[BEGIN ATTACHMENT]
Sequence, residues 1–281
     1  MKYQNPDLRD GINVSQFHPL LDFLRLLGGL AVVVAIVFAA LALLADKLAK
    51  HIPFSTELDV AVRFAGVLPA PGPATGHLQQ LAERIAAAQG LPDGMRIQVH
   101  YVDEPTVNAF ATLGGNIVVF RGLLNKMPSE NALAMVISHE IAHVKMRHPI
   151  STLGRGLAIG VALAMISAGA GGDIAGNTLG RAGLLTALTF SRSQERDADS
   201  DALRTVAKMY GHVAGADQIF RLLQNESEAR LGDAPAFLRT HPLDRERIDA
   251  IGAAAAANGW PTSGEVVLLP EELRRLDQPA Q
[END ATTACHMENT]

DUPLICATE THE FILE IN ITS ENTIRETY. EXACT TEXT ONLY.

Sequence, residues 1–281
     1  MKYQNPDLRD GINVSQFHPL LDFLRLLGGL AVVVAIVFAA LALLADKLAK
    51  HIPFSTELDV AVRFAGVLPA PGPATGHLQQ LAERIAAAQG LPDGMRIQVH
   101  YVDEPTVNAF ATLGGNIVVF RGLLNKMPSE NALAMVISHE IAHVKMRHPI
   151  STLGRGLAIG VALAMISAGA GGDIAGNTLG RAGLLTALTF SRSQERDADS
   201  DALRTVAKMY GHVAGADQIF RLLQNESEAR LGDAPAFLRT HPLDRERIDA
   251  IGAAAAANGW PTSGEVVLLP EELRRLDQPA Q